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How do I put a period into a PHP regular expression?

The way it is used in the code is:

echo(preg_match("/\$\d{1,}\./", '$645.', $matches));

But apparently the period in that $645. doesn't get recognized. Requesting tips on how to make this work.

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1  
(sidenote) An Ellipsis is not three dot characters ..., but a single or … –  Gordon Oct 25 '10 at 7:31
2  
Regarding close/reopen: With OP's edit this is now a somewhat complete question. I would suggest, however, that OP reduces the amount of leet speak and /b/tardness in questions and comments. –  jensgram Oct 25 '10 at 7:45

2 Answers 2

Since . is a special character, you need to escape it to have it literally, so \..

Remember to also escape the escape character if you want to use it in a string. So if you want to write the regular expression foo\.bar in a string declaration, it needs to be "foo\\.bar".

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What I have is /\$\d{1,}\./ but when I put in $645. it doesn't recognize the regex on the period. I'm 12 and what is this? –  TOKYOTRIBE4EVAR Oct 25 '10 at 7:01
    
@TOKYOTRIBE4EVAR: How do you use that regular expression? –  Gumbo Oct 25 '10 at 7:04
    
echo(preg_match("/\$\d{1,}\./", '$645.', $matches)); –  TOKYOTRIBE4EVAR Oct 25 '10 at 7:05
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@TOKYOTRIBE4EVAR: Note that preg_match does only return whether a match has been found or not (either 1 or 0). You need to look at the array $matches to see what has been matched. –  Gumbo Oct 25 '10 at 7:13
    
It returned a 0, which means that there was no match. Is there something wrong with my period escape or am I just getting trolled really hard? –  TOKYOTRIBE4EVAR Oct 25 '10 at 7:15

Escape it. The period has a special meaning within a regular expression in that it represents any character — it's a wildcard. To represent and match a literal . it needs to be escaped which is done via the backslash \, i.e., \.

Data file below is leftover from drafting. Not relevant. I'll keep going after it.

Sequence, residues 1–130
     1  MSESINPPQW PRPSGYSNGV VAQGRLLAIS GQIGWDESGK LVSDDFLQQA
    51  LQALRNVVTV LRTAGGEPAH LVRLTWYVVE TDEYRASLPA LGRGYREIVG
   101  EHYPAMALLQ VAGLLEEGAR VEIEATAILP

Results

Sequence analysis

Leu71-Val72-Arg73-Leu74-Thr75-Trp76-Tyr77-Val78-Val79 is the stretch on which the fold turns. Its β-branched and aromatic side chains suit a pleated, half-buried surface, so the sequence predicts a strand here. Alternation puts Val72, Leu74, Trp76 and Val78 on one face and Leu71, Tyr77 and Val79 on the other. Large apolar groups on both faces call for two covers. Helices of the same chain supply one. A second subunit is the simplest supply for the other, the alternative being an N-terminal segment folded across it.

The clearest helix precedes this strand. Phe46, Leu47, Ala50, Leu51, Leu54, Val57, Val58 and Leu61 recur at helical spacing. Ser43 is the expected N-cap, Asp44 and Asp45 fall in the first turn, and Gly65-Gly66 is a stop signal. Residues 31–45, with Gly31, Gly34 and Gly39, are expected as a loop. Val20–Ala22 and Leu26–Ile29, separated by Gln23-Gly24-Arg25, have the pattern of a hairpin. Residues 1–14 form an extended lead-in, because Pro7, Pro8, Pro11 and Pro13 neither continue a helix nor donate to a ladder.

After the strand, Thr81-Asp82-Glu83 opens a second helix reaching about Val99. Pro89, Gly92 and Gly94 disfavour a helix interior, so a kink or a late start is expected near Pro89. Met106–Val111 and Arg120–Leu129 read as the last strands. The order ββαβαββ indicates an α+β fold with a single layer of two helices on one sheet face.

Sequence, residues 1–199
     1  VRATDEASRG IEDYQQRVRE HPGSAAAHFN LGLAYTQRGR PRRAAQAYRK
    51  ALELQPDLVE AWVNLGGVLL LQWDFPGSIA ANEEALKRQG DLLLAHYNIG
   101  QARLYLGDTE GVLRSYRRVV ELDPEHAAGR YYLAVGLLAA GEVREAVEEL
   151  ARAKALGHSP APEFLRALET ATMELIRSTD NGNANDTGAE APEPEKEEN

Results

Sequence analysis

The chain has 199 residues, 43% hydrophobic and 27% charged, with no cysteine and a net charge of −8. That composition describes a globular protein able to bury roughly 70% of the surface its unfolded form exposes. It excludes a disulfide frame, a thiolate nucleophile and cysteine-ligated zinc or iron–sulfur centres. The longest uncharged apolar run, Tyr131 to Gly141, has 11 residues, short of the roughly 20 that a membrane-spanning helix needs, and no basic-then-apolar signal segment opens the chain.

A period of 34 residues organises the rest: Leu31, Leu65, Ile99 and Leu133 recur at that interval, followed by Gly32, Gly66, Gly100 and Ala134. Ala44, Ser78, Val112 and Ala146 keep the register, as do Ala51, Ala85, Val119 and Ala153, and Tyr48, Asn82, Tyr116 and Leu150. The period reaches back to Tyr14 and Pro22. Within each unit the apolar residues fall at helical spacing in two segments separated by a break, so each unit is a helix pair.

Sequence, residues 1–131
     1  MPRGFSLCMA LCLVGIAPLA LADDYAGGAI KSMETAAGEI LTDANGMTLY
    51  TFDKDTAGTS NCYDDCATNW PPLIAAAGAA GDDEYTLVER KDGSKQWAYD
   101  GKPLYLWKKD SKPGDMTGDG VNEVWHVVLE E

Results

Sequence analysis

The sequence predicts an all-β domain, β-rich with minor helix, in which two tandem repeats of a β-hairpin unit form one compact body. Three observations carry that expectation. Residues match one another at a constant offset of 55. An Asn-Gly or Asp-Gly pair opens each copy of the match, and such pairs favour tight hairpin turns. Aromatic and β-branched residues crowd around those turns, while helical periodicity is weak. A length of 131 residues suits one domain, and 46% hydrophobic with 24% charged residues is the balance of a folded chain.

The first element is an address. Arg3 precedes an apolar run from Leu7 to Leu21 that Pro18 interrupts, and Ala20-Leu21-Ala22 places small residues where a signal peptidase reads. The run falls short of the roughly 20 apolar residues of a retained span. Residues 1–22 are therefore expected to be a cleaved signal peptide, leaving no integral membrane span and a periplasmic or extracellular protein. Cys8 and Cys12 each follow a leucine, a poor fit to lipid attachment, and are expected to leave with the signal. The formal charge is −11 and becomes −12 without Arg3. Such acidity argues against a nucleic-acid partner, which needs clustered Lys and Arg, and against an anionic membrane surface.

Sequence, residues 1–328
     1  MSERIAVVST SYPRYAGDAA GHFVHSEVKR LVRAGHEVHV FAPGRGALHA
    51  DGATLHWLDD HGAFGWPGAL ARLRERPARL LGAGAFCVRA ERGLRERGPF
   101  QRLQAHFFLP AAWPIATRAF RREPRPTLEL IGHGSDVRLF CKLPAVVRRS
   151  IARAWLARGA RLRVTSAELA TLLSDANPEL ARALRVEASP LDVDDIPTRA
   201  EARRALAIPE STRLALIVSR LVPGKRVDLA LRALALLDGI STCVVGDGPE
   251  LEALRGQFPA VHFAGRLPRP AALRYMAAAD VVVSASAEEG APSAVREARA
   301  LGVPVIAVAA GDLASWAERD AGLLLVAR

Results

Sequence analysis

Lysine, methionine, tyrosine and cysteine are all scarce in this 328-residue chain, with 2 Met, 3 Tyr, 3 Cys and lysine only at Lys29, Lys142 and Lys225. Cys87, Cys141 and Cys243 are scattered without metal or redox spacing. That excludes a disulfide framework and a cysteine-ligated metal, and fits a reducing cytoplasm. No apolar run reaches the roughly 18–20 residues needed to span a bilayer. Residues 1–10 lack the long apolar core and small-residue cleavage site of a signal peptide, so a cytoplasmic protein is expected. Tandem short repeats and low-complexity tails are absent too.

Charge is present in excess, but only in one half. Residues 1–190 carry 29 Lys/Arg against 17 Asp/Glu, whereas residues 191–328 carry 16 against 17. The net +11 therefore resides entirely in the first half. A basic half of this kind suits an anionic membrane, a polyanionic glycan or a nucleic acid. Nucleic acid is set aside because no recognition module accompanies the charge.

/[0-9]\.[ab]/

Matches a digit, a period, and "a" or "ab", whereas

/[0-9].[ab]/

Matches a digit, any single character1, and "a" or "ab".

Be aware that PHP uses the backslash as an escape character in double-quoted string, too. In these cases you'll need to doubly escape:

$single = '\.';
$double = "\\.";

UPDATE
This echo(preg_match("/\$\d{1,}./", '$645.', $matches)); could be rewritten as echo(preg_match('/\$\d{1,}\./', '$645.', $matches)); or echo(preg_match("/\\$\\d{1,}\\./", '$645.', $matches));. They both work.


1) Not linefeeds, unless configured via the s modifier.

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What I have is /\$[0-9]{1,}\./ but when I put in $645. it doesn't recognize the regex. I'm 12 and what is this? –  TOKYOTRIBE4EVAR Oct 25 '10 at 6:56
    
Ahh, @Gumbo elaborated on his answer too :( –  jensgram Oct 25 '10 at 7:02
    
So how does it not recognize the closing period on my string? –  TOKYOTRIBE4EVAR Oct 25 '10 at 7:03
    
@TOKYOTRIBE4EVAR Please add examples to your question body. Also, are you serious? ("I'm 12 and what is this?") –  jensgram Oct 25 '10 at 7:04
    
Lol no, it's just a kewl new meme that I learned about at my school's /b/ club today. –  TOKYOTRIBE4EVAR Oct 25 '10 at 7:07

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